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Plateau Attacks: There Are ‘Sacred Cows’ Who Have Evaded Justice – Majang

Plateau State’s Commissioner for Information, Dan Majang, says so long as certain acts of injustice continue, there will be recurrences of mass violence in the state.

According to Mr Majang, who spoke during a television interview said, one of such acts of injustice, is the failure to see that some “sacred cows” are made to feel the full weight of the law.

“If there is no justice, there will be reoccurrence. If you see an issue of this nature happening, then it means that there are sacred cows, the laws are not being applied.

“We have had in the past in the life of this state, at that time I was media adviser, we have had instances whereby criminal elements were intercepted – about 16 of them from another state, they were carrying weapons, they were investigated, arraigned in court and before you know it, the case files were transferred to Abuja and that was the end of it,” the Commissioner disclosed via Skype.

Giving more examples of the ‘sacred cow’ menace in the state, Mr Majang recalled a time during the Nikki Tobi Commission of Inquiry, “when a Commissioner of Police was indicted and it was recommended that he should be relieved of his position and at the end of the day, to the chagrin of the State, the man was promoted to be an IGP at the end of the day, even after the Plateau government had written against it”.

In the spokesman’s opinion, only a full implementation of the law will see to the restoration of peace in the state.

The Commissioner’s comments come few days after dozens were killed and many more injured following an attack by suspected herdsmen in Yelwa Zangam village, Zangam District of Jos North Local Government Area.

The attack left a dark cloud of doubt over Plateau State even as angry youths stormed the Plateau Specialist Hospital where the corpses of victims had been deposited and evacuated them into vans.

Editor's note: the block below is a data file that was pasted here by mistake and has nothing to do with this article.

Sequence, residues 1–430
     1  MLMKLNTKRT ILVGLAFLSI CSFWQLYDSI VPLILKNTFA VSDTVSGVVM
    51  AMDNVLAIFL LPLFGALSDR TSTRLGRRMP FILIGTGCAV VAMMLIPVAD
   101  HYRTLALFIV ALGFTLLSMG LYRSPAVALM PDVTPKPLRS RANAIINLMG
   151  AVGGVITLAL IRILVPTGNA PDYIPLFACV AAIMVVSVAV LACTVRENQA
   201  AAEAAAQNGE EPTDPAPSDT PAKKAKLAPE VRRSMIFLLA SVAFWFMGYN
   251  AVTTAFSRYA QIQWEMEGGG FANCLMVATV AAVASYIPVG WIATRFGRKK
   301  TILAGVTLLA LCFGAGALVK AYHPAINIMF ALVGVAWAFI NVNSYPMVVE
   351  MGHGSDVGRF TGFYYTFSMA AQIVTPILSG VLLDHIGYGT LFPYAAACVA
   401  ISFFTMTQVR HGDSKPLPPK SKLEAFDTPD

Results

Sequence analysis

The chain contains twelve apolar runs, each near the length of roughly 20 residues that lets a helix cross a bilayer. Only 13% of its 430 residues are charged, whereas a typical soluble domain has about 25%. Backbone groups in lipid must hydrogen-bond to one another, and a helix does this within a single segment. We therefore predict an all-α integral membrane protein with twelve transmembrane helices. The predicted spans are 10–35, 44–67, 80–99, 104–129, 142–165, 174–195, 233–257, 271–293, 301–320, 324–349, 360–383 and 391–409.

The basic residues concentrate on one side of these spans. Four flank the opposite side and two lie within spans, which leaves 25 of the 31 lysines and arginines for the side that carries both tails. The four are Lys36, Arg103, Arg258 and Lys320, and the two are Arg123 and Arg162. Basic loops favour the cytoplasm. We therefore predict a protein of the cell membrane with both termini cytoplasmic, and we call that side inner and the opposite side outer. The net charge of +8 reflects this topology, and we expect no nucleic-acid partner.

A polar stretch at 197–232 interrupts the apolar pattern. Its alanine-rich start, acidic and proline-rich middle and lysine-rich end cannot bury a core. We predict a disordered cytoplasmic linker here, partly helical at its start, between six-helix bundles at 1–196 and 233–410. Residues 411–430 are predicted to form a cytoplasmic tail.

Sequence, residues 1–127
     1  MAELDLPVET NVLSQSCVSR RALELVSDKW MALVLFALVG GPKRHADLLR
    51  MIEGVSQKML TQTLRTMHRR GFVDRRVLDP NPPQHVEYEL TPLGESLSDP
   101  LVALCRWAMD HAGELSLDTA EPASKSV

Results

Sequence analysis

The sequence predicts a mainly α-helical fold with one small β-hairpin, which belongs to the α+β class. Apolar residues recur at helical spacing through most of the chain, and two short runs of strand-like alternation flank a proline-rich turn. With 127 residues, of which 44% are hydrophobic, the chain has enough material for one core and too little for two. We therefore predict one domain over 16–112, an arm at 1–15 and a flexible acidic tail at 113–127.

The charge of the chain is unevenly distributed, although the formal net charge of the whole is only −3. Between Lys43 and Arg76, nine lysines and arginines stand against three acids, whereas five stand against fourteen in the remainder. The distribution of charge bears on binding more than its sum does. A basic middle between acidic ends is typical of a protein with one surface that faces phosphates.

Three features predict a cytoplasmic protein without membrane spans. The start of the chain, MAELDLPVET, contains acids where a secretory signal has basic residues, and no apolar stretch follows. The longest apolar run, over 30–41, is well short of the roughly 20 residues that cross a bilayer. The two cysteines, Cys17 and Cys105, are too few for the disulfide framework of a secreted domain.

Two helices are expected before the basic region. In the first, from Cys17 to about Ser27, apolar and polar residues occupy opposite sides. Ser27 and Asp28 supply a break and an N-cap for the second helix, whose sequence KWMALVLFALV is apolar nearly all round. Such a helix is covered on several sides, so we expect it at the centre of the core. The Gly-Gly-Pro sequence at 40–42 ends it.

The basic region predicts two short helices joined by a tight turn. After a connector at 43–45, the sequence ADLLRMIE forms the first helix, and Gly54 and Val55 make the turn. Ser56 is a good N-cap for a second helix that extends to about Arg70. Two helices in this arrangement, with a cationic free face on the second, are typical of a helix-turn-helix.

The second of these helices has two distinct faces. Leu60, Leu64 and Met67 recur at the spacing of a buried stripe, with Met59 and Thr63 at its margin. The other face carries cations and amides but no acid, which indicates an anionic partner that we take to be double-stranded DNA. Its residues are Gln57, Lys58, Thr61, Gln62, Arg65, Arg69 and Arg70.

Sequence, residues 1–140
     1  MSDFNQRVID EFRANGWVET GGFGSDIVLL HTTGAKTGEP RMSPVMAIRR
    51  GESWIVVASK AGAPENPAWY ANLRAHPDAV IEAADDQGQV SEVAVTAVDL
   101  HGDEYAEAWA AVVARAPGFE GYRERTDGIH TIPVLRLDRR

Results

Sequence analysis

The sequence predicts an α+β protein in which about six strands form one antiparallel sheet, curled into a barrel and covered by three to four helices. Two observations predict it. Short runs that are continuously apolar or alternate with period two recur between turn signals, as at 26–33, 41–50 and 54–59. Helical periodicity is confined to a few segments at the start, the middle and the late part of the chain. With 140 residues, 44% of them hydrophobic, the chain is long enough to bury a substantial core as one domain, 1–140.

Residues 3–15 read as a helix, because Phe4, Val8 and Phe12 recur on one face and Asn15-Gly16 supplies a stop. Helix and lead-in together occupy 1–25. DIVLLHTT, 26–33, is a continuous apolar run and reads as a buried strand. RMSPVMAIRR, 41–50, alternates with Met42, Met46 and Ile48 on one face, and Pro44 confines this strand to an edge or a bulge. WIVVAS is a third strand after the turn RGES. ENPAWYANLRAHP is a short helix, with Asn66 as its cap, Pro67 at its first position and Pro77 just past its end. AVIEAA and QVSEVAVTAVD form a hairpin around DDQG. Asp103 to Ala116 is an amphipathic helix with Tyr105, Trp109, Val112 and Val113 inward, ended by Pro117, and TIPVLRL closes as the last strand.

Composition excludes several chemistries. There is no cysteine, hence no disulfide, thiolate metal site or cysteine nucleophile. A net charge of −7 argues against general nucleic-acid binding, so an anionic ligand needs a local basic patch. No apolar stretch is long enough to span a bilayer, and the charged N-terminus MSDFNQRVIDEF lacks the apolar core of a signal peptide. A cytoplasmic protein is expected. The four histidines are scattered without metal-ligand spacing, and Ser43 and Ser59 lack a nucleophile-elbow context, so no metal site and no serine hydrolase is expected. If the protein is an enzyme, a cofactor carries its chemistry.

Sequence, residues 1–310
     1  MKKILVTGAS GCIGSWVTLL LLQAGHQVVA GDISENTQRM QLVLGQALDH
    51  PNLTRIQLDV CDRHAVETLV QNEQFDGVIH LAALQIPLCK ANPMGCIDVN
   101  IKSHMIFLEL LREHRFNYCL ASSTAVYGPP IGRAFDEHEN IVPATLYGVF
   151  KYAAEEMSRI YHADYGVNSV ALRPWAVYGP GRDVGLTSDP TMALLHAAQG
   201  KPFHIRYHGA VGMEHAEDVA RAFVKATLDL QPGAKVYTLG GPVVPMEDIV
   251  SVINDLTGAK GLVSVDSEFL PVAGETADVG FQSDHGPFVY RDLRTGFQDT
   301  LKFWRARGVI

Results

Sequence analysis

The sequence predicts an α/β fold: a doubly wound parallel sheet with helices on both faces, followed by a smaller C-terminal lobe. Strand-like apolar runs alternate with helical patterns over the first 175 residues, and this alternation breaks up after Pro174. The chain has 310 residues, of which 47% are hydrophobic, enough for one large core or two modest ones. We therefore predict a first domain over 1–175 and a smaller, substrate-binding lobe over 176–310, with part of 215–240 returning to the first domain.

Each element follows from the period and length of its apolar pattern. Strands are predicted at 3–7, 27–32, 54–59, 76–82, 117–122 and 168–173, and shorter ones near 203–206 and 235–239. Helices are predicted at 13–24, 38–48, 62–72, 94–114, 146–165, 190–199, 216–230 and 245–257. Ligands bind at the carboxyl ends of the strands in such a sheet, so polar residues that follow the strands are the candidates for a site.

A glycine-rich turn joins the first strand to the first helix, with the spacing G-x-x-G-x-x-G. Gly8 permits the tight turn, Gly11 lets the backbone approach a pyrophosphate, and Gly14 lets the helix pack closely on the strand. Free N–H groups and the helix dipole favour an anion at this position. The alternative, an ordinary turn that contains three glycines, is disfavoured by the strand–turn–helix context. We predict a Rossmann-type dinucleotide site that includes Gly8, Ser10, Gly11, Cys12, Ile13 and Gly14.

They later proceeded with the corpses to the State House of Assembly, blocking all roads leading to the area, and when they could not be pacified, all roads then led to the Government House; there, the corpses were laid on the floor, as the people demanded justice for the dead and their loved ones.

While noting that the people have every right to be angry, the Commissioner said the aggrieved must understand that the Plateau State government is not pleased with the violence, neither is the government happy that its people are being slaughtered.

He, however, assured that the government is doing “everything humanly possible” to see that the hostilities are brought to an end, with the perpetrators having to pay for their deeds.

Mr Majang disclosed that the corpses left at the Government House have been evacuated and taken to the mortuary, adding that plans are already being made to bury the dead, while the peace building agency continues to talk to warring factions.

Speaking on the curfew that was imposed after the incident, the Commissioner said the government took the decision to ensure that the security agencies can carry out their investigations.

While stressing that the situation in Jos would have been a lot worse without the imposition of a curfew, Mr Majang said arrests are being made and the government will explore all legal means to ensure the restoration of peace in Plateau State.

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